Early in A Christmas Carol, Ebenezer Scrooge is visited by two men trying to raise money for charity. Scrooge asks if the prisons and workhouses are still working. The men say yes, sadly, many of the poor are in those wretched places. But these charitable men would like to provide some Christmas cheer to those in need: food and warmth.
“‘I don’t make merry myself at Christmas, and I can’t afford to make idle people merry. I help to support the establishments I have mentioned: they cost enough: and those who are badly off must go there.’
‘Many can’t go there; and many would rather die.’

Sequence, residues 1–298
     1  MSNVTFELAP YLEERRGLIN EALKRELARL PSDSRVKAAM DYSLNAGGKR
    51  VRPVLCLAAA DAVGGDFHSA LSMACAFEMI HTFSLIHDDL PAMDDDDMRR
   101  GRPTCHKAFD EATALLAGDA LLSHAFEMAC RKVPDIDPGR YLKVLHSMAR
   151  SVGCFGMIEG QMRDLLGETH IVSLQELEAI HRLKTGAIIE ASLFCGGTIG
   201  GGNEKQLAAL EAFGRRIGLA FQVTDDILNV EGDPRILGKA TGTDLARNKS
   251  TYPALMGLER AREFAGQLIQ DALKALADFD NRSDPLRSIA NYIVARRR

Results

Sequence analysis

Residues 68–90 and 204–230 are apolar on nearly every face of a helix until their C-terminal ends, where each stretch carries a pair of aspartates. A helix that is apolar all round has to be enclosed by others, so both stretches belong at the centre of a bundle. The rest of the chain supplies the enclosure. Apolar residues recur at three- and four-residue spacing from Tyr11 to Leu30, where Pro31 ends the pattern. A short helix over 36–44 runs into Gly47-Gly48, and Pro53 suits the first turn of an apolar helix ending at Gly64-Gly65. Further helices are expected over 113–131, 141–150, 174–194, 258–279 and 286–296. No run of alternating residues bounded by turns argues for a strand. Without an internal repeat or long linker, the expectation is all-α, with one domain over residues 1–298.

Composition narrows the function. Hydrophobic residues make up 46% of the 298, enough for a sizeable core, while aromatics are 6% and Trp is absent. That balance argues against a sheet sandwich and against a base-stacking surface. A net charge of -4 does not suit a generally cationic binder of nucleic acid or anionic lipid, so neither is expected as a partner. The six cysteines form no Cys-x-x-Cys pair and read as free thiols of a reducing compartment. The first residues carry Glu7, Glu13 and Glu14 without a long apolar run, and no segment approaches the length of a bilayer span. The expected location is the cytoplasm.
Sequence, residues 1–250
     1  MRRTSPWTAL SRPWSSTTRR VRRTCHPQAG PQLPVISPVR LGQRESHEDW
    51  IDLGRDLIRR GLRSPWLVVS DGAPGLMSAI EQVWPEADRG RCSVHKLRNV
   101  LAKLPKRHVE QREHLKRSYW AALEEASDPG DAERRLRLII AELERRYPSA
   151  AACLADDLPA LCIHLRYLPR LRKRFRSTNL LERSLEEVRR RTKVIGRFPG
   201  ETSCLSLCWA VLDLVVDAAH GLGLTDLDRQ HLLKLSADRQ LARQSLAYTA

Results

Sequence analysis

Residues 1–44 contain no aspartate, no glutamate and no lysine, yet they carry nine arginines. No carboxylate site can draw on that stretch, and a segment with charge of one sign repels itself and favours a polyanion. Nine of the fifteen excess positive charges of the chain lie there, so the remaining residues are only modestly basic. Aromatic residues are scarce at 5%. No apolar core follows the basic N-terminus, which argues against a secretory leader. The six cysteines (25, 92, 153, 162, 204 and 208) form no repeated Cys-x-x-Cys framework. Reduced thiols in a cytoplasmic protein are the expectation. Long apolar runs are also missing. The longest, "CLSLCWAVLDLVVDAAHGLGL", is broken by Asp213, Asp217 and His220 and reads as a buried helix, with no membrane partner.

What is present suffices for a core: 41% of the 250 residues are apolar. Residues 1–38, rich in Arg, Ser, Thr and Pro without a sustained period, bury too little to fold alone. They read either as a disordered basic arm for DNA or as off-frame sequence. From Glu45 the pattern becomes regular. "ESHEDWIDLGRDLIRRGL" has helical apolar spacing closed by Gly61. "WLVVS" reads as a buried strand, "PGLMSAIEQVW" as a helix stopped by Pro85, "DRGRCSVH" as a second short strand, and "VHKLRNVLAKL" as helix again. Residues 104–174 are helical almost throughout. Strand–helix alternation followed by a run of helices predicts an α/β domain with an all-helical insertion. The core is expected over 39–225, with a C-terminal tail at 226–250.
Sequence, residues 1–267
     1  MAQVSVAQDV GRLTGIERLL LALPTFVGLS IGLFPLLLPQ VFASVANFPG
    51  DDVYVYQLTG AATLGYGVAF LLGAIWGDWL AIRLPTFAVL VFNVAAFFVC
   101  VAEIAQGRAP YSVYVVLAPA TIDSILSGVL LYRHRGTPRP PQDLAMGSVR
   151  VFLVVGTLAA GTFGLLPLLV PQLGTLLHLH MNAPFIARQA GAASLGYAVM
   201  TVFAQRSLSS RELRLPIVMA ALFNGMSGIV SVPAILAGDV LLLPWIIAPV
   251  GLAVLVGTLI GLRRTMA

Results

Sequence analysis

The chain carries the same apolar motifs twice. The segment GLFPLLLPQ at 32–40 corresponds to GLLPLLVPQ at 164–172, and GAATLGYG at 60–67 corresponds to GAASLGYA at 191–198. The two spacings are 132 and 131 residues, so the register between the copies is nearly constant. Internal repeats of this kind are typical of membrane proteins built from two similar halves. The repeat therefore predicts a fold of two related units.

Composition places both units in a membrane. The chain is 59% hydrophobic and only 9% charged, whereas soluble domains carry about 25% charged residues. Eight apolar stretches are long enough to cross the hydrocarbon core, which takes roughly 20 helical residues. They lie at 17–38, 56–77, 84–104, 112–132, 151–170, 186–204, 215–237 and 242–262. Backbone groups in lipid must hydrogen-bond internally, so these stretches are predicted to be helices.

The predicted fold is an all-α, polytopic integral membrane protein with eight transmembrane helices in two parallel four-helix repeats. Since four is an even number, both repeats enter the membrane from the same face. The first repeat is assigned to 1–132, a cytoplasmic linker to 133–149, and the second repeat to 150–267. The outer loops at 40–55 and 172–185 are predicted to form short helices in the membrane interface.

‘If they would rather die,’ said Scrooge, ‘they had better do it, and decrease the surplus population. Besides–excuse me–I don’t know that.’
‘But you might know it,’ observed the gentleman.
‘It’s not my business,’ Scrooge returned. ‘It’s enough for a man to understand his own business, and not to interfere with other people’s. Mine occupies me constantly.'”
–Charles Dickens, A Christmas Carol
What’s striking to me is this: Scrooge’s attitude is common, even now. His business occupies him constantly only because he allows it to fill his time. How often do I use “I don’t have time” or “It’s none of my business” as excuses? Is this true? Or is this an excuse to ignore other people’s needs?